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We received good feedback from our Year 2 Survey and we are making plans to follow through on some of the suggestions that WAHEP team participants made. I think that we are primed to do some great work together under the WAHEP umbrella. You should expect to hear from us soon about getting some on-site visits set up, as we heard that being on your campus will help many of you to continue to make progress.
Several institutions indicated that they would benefit from some more focused assistance than what is provided for under the WAHEP. We would love to help! Whether you would like to have an additional web site review done or some more in-depth, customized training performed, we are happy to take requests. To get an idea of the sort of things that we can do, please take a look at our Services page to learn more about available services and associated fees.
The most recent settlement involving an inaccessible digital environment on campus comes between Louisiana Tech University and the Department of Justice. The settlement is here, and Inside Higher Ed has a good article about it as well. I also have some thoughts about it.
Within about a week of the announcement of the Louisiana Tech settlement, the Department of Justice pushed back Notices of Proposed Rulemaking for Section 508 refresh and changes to Titles II and III of the ADA.
Section 508 holds the standards for the federal government and serves as the foundation for many individual state’s accessibility standards, including ours in Oklahoma.
Title II of the ADA covers public entities, including public higher education. And Title III of the ADA applies to “places of public accommodation”, which includes private institutions and organizations.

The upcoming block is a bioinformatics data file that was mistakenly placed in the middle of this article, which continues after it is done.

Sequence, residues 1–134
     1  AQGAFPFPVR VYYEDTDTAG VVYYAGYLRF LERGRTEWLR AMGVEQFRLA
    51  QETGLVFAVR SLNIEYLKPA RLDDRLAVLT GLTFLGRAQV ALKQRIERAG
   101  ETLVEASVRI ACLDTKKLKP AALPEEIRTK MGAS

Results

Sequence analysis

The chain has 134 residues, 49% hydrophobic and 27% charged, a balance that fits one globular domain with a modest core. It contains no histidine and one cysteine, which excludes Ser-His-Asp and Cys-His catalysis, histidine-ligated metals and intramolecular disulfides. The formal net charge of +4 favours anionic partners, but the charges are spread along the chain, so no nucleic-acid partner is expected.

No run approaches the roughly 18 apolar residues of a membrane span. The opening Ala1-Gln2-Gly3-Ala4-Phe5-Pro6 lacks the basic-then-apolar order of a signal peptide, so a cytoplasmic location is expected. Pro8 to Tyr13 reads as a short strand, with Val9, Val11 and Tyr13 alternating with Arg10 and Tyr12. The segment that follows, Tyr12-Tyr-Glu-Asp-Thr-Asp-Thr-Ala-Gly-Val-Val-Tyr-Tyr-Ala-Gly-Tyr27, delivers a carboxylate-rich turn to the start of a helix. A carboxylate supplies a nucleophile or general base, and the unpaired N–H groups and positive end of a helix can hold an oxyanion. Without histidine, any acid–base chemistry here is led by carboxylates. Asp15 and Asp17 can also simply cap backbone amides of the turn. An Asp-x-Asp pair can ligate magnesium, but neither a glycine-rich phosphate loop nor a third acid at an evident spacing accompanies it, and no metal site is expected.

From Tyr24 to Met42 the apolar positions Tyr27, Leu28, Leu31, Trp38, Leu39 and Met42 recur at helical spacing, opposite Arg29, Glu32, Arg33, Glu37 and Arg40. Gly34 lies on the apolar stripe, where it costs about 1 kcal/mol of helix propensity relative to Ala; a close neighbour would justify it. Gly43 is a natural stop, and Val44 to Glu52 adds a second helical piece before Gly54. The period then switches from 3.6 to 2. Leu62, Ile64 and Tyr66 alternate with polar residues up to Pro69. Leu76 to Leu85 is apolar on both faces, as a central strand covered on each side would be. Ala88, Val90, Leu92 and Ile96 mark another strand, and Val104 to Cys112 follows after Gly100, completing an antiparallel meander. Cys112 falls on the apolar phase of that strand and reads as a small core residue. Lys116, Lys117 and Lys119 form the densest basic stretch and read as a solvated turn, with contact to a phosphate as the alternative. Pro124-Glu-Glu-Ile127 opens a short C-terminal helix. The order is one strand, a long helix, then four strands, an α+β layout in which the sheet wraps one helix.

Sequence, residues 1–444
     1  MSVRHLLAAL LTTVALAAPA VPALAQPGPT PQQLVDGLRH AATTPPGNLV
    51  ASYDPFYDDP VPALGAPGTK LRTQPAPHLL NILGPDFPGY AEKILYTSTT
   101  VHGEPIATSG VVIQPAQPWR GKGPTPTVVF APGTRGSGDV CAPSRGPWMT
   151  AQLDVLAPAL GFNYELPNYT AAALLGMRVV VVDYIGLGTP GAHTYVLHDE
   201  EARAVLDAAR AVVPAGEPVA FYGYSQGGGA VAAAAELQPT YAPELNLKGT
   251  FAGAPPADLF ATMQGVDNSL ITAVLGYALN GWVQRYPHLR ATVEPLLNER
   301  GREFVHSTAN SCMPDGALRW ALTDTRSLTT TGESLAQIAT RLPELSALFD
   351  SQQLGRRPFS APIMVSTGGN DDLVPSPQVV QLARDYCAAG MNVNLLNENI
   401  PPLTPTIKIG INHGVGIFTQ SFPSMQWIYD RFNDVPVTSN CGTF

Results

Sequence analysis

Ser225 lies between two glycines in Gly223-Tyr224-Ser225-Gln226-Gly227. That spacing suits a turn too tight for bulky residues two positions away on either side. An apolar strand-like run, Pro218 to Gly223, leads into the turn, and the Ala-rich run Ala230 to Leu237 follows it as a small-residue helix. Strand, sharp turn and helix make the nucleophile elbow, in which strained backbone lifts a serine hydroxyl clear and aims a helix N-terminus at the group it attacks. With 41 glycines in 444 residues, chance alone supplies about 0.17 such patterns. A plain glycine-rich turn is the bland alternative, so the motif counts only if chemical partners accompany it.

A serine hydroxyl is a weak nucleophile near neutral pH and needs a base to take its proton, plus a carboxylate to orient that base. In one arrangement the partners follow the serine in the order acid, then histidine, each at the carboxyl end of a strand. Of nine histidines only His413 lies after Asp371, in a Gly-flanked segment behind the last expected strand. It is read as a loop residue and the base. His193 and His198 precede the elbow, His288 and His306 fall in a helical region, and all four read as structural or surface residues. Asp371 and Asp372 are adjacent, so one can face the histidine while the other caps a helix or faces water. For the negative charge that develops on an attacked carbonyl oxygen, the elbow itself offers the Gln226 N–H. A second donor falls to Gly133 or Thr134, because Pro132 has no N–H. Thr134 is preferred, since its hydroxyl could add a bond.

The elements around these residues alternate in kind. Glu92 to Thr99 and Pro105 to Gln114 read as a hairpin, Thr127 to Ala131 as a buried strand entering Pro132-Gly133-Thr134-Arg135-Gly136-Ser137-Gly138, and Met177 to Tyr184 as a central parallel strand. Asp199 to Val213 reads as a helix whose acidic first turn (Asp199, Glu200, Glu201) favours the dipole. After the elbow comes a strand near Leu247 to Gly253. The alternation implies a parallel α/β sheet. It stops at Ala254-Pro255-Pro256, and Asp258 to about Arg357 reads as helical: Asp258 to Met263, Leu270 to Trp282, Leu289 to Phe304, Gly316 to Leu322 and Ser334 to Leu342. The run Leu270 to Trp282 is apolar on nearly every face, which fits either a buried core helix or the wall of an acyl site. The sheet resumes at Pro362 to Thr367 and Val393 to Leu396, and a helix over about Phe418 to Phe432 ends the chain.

The original schedule was for Advanced Notices of Proposed Rulemaking to arrive for Section 508 and Title II of the ADA in June. These have been pushed back to next month. The NPRM for Title III of the ADA was pushed from November to March, 2014.
Don’t let the delay fool you into thinking that digital accessibility is not a priority for DoJ, though.Obviously they continue to make their point through structured negotiations that come out of complaints of discrimination.
If you take a look through the Memorandum of Understanding that your institutions signed, then you’ll see that your primary web site is due for a checkup halfway through the project. That puts us a little over a year out from another accessibility evaluation on the site that WebAIM evaluated a year or so ago. That gives you plenty of time to update your site and make it more accessible, if you have not already started that process.
I have spoken to several of you whose institutions are redoing their web sites. A web site redesign is a fantastic time to build accessibility in from the beginning. If your redesign happens in-house, then spend some extra time to make templates accessible. Put together or update your style guide to include accessibility tips alongside your style requirements.
If you’re outsourcing the redesign then make sure that your vendor selection process includes a conversation about the vendor’s ability to make your template and any content that they compile accessible. Can they provide you with captions for web-based video and transcripts for podcasts? Do they know about color contrast requirements and making sure that form fields are associated with their labels under the hood? Make sure that what they deliver to you is accessible or supports accessibility.
If your site is not up for a redesign, then start a little bit at a time. Plan a few extra minutes each time you update content on a page in the site and use that time to make it more accessible. Check for properly marked up headings, lists and tables. Check your color contrast and look for alternative text that conveys the intended meaning of visual elements. There is more to accessibility than those few things, but if you take it a step at a time then you’ll find your site more accessible pretty quickly.
And if your site is content managed and you have content managers all over campus, then work with them to make sure that they are helping to make the site more accessible every time that they touch a page.
Don’t forget that our webinar series is archived! If you have missed any of the webinars or want to revisit them, then click through to our Webinars page and look for the Archive section.
As a reminder, here are the topics that we have covered: